Nine West Holdings Inc. has filed a voluntary petition for Chapter 11 bankruptcy court protection.
The filing was made on Friday in a Manhattan bankruptcy court. The petition lists estimated assets of $500 million to $1 billion, with estimated liabilities of $1 billion to $10 billion. In addition to Nine West, 10 affiliates filed for bankruptcy court protection, including Kasper Group and One Jeanswear Group. One Jeanswear includes the brands Gloria Vanderbilt and Jessica Simpson. It also includes women’s denim under the Nine West and Bandolino brand names.
The company said the filing was done to “facilitate the sale of its Nine West and Bandolino footwear and handbag business and to right-size its capital structure around its profitable and growing businesses, including One Jeanswear Group, The Jewelry Group, the Kasper Group and Anne Klein.”
Its Nine West and Bandolino businesses are slated to be sold to brand management firm Authentic Brands Group. ABG will take on the role of “stalking horse,” in a court-approved auction process. That also means that the brand management firm could be outbid in the auction should other buyers come forward with better offers.
Ralph Schipani, chief executive officer of Nine West Holdings, said, “This is the right step to address our two divergent business profiles. We will retain our strong, profitable and growing apparel, jewelry and jeanswear businesses and continue to operate them under a new capital structure so that we can leverage their existing strengths to drive even greater growth. Once we complete the reorganization process, our company will have meaningfully reduced debt and interest costs and be well positioned for the future.”
In a court document filed with the bankruptcy court by Schipani, he said the company’s business operations generated $1.6 billion in net revenues in 2017, and that at the time it filed its Chapter 11 petition, Nine West had “$1.6 billion in aggregate funded debt obligations.”
In addition to the challenging business conditions in the U.S. at the department store level, the company also faced strong headwinds as the “macro retail environment in Asia, the Middle East and South America became challenged.” Schipani also said its handbag and footwear business had issues with product quality, along with design missteps. While the company made some positive changes, the “lengthy development cycle” and the nature of the business didn’t allow time for operating performance to improve, he said.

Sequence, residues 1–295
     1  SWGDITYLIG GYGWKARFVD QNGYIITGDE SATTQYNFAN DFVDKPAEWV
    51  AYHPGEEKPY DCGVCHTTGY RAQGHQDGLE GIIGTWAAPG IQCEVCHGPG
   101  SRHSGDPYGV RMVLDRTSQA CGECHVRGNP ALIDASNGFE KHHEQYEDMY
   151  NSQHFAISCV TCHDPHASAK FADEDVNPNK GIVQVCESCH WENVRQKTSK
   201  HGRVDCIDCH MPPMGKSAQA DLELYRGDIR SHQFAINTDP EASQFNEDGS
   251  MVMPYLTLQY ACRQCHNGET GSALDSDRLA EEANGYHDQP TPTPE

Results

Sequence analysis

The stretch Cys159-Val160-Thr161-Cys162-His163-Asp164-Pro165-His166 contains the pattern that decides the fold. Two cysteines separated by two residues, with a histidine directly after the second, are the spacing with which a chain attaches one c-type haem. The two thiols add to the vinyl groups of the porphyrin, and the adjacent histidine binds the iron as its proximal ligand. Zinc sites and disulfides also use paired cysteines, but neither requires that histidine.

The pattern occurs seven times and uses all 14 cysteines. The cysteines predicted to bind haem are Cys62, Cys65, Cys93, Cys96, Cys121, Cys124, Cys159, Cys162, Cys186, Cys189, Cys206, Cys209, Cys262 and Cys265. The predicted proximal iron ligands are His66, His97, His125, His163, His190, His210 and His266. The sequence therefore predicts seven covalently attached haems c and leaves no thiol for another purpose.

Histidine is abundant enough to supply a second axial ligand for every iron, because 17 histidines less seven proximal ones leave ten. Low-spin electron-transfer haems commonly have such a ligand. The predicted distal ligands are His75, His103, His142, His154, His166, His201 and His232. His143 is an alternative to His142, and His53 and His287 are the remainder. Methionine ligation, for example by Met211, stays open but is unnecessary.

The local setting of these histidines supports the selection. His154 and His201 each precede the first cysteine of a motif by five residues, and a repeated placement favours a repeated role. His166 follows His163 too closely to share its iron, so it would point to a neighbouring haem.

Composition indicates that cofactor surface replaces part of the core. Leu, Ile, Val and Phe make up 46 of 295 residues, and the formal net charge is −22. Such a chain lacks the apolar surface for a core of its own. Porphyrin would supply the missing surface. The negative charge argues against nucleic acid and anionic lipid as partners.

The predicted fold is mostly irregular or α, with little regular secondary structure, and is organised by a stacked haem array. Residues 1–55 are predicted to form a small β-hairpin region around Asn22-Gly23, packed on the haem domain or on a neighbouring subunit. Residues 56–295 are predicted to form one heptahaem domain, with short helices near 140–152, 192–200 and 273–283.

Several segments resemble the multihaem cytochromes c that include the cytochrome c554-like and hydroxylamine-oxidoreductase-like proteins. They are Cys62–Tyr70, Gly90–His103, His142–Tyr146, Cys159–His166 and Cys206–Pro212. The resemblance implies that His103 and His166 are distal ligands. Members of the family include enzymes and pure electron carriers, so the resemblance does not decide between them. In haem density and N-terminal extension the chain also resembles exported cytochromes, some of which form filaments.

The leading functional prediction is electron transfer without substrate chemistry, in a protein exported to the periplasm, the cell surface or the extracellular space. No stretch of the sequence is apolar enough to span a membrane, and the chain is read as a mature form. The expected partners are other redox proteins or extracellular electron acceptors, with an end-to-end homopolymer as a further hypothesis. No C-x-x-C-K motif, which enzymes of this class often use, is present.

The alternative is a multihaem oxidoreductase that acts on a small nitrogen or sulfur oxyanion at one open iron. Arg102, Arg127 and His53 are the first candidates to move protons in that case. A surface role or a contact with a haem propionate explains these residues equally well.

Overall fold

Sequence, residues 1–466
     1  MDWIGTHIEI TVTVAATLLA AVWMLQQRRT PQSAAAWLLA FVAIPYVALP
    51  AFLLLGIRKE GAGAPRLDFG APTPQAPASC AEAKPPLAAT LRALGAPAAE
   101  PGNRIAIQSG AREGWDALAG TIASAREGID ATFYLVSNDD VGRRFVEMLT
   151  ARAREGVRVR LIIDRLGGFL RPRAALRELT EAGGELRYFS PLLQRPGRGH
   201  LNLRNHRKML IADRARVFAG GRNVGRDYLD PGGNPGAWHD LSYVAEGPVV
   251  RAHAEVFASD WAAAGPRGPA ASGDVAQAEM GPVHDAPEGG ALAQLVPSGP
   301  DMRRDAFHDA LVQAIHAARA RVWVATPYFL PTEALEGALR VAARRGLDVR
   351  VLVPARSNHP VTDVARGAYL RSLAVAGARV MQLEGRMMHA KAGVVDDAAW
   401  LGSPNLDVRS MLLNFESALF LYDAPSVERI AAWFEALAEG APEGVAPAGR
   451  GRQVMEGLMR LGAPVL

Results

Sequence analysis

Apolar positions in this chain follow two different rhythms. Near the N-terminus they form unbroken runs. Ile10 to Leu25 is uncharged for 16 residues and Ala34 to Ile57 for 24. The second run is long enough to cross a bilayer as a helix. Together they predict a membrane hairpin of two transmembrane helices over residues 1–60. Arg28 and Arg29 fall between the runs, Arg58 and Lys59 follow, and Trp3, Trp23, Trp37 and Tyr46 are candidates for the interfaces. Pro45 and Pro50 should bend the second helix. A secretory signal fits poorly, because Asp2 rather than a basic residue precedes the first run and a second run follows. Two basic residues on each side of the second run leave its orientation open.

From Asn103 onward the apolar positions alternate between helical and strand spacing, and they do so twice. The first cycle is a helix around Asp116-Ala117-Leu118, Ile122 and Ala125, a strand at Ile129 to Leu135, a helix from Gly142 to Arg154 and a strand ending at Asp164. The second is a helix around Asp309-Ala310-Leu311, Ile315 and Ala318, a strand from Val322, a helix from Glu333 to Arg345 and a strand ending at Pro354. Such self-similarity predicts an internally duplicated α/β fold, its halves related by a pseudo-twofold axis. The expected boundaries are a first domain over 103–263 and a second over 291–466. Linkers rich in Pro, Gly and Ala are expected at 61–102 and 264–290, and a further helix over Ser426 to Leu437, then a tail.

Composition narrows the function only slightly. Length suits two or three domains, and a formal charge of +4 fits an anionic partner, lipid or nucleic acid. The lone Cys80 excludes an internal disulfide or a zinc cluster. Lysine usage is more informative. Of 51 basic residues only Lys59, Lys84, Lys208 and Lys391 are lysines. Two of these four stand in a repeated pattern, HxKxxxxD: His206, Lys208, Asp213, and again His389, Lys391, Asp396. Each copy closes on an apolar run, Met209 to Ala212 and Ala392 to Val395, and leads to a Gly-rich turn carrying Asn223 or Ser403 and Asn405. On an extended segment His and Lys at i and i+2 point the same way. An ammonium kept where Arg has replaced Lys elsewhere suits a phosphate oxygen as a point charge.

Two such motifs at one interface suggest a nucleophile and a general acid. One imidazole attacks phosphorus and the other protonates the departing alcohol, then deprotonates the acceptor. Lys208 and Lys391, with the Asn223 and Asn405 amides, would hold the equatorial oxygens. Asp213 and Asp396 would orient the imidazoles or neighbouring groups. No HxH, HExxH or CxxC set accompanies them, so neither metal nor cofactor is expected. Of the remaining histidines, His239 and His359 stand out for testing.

According to the ceo, one bright note is that the company has been able to combat some of the challenges at retail for its apparel businesses through a combination of “expense controls, margin improvement and the launch of new and successful licensed and owned brands.”
The company said it has received $300 million in debtor-in-possession financing from parties that hold or control “over 78 percent of its secured term debt and over 89 percent of its unsecured term debt.” Nine West said the DIP facility, plus cash generated from its operations,” would provide sufficient liquidity to allow the firm to maintain its operations in the ordinary course during the Chapter 11 proceedings.
Friday’s filing for bankruptcy court protection wasn’t surprising, given that Nine West had been on the watch lists of credit ratings agencies. Moody’s Investors Service and Fitch Ratings had cited Nine West’s high debt level and deteriorating operating performance due to challenges in the women’s jeanswear market.
Nine West was part of Jones Apparel Group, which was acquired by private equity firm Sycamore Partners in April 2014 for $2.2 billion. Sycamore split the Jones business into different groups. Nine West operated as a separate portfolio company under Sycamore’s umbrella, as did the Kasper Group.
In December 2016, Nine West Holdings sold its Easy Spirit brand to Marc Fisher Footwear Co. Marc Fisher had worked at Easy Spirit during his tenure at Nine West, which was cofounded by his father, Jerome Fisher, and Vince Camuto in 1973 and was later acquired by Jones Apparel Group in 1999. Nine West used the net proceeds from the sale to acquire Kasper, which it disclosed on Jan. 17, 2017.
At the time, Schipani said, “With the Easy Spirit transaction, the company has sold an underperforming asset with negative EBITDA and reinvested the proceeds into a profitable Kasper business that we believe will bring immediate improvement to the company’s cash flow and liquidity, resulting in a significant deleveraging of the company.”
Nine West in the fall of 2016 had about $1.7 billion in debt, and had to renegotiate a $275 million credit facility so it could access the line without tripping a loan covenant. While the renegotiated facility and the sale of Easy Spirit eased some of the financial pressure, it couldn’t do much for the ongoing challenges at retail that continue to this day due to the shift in how consumers buy apparel and accessories.
A few days after Nine West said it entered into an agreement to acquire Kasper, Moody’s downgraded the corporate family rating of Nine West Holdings to “Caa3” from “Caa2.” Moody’s analyst Mike Zuccaro said at the time the downgrade reflected the company’s “very high leverage and unsustainable capital structure due to weak operating performance and high debt levels.”